From March 28 to April 6, 2016, members from two IPM Innovation Lab teams traveled to Ethiopia, Kenya, and Tanzania for the first planning meetings of the “Vegetable IPM for East Africa” and “Grains IPM for East Africa” projects. These are two of eight projects from Virginia Tech’s USAID-funded Feed the Future Innovation Lab focused on finding solutions to agricultural pest problems in developing countries around the world.
The meetings were attended by the Principal Investigators for both projects, John Cardina of Ohio State University for the vegetable IPM project, and Tadele Tefera of International Centre of Insect Physiology and Ecology for the grains IPM project. Muni Muniappan, the director of the IPM Innovation Lab, was also in attendance along with collaborators, partners, and stakeholders.
By holding these meetings during the same period of time, the PIs of both projects were able to meet and could share their unique knowledge to help one another’s projects.
“Collaboration between the projects is very important,” Muniappan said. “Everyone involved has their own area of expertise, so it is extremely beneficial to both projects when these specialists can share their knowledge with one another.”
The vegetable project focuses on cabbage, French bean, tomato, onion, and chili pepper. The planning meetings for this project were held individually in each of the three East African countries.
In Kenya, Muniappan, Cardina, Celeste Welty of Ohio State Univeristy, and George Norton project from Virginia Tech who is also the PI of the Asia Vegetable IPM project, met with the Kenya Agriculture and Livestock Research Organization (KALRO) and the Kandara Horticulture Center. Tefera and Brhane Gebrekidan, the Africa Program Manager, also joined in on rese meetings. They also met with members of the Kenya Agricultural Value Chains Enterprises Project (KAVES), who indicated their willingness to collaborate with both the IPM Innovation Lab projects in Kenya.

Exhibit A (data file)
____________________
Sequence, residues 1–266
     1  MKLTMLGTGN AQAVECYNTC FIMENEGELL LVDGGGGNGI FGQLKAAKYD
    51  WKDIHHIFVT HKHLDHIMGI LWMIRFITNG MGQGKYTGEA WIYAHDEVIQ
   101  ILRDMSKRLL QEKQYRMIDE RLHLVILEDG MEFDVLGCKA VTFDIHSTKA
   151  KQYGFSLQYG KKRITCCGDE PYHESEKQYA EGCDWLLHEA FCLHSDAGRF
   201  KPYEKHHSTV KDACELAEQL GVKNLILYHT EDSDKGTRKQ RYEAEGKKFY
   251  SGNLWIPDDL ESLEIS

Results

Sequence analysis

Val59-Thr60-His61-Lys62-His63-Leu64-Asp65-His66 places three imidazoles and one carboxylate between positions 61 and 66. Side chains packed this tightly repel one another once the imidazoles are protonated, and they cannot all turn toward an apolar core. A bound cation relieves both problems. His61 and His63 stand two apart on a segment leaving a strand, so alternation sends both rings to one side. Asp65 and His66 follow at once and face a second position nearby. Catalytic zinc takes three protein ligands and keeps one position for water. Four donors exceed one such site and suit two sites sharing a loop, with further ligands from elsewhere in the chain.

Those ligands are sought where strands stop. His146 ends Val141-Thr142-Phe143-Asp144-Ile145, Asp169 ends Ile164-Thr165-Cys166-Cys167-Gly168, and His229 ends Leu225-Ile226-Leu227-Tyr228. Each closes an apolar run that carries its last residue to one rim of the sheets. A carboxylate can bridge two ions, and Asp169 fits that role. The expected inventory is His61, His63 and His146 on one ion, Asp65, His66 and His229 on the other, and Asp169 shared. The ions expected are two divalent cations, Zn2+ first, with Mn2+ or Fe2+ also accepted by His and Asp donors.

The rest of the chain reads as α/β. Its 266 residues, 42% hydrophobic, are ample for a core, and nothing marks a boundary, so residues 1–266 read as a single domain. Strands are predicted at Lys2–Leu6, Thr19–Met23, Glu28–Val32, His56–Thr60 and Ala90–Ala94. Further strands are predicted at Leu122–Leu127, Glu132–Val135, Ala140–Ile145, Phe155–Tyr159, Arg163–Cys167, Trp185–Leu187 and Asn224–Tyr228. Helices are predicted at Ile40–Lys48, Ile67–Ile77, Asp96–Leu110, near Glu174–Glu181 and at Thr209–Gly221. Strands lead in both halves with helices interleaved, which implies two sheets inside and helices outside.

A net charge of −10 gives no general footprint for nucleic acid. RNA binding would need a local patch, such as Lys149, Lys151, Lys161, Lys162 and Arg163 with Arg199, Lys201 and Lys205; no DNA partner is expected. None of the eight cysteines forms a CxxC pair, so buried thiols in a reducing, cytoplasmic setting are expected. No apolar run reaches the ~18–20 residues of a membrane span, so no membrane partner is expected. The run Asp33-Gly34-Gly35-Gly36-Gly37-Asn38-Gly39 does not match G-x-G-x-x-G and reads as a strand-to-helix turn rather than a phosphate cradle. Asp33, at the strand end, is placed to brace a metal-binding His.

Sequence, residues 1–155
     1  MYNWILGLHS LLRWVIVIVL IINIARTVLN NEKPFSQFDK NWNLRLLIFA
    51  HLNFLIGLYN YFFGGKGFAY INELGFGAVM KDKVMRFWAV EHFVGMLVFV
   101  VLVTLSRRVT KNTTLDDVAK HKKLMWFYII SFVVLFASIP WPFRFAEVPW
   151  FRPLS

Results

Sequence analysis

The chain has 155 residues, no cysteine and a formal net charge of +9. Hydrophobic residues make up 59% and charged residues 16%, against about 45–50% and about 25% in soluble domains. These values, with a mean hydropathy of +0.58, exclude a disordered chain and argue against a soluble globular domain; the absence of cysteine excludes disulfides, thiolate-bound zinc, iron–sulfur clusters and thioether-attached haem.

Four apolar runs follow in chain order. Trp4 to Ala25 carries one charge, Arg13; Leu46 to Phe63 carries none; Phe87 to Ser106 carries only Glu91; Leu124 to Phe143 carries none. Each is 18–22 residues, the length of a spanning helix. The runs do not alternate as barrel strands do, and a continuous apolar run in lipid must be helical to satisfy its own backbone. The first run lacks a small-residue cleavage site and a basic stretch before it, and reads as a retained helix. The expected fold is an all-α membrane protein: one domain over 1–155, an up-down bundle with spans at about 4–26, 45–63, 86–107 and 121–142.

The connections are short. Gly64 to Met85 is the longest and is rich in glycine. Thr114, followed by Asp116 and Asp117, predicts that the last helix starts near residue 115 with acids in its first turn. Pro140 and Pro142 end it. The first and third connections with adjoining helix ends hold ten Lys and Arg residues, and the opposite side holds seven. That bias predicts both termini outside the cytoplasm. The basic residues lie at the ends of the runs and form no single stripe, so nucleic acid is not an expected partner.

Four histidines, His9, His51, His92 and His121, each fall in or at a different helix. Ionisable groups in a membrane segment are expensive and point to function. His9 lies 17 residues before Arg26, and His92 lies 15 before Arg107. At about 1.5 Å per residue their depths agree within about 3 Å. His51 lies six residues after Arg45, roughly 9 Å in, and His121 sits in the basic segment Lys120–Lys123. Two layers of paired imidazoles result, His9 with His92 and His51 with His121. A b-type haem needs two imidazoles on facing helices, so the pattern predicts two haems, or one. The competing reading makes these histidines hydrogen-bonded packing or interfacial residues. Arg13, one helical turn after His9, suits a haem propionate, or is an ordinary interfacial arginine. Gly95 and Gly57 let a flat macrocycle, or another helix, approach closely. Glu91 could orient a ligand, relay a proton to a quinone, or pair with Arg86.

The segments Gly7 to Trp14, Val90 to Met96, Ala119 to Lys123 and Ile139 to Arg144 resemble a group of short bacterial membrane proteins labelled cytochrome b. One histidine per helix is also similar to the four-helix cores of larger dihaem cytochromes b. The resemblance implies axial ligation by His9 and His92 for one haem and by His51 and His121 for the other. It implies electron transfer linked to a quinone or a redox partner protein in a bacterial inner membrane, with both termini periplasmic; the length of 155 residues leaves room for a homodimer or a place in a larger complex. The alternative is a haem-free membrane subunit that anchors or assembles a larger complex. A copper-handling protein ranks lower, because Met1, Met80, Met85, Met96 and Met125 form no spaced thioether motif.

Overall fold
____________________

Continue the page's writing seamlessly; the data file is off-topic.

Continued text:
In Tanzania, the team visited the Mikocheni Agricultural Research Station and met with Tom Carr of the NAFAKA value chain project. He expressed his willingness to work with the Grains IPM project. Members from the Sokoine University of Agriculture, along with TAHA Horti Tengru programs attended this meeting, as did Dr. Elizabeth Maeda of the USAID mission.
The core team then traveled to Hawassa University in Ethiopia for the vegetable project planning meeting there. Afterwards, the grains team went on to Addis Ababa to conduct the grains planning meeting.
The grains project focuses on maize and rice in Tanzania, maize and chickpea in Ethiopia, and maize in Kenya. For that project, only one planning meeting was held in Ethiopia, with representatives from Tanzania and Kenya in attendance, including Dr. Tracy Powell of the USAID mission.
The meeting participants focused on the different pests for each grain and some of the integrated pest management discussed for combatting these pests, such as using Trichoderma and pheromone traps. Scientists were identified for development of technologies to tackle those problems.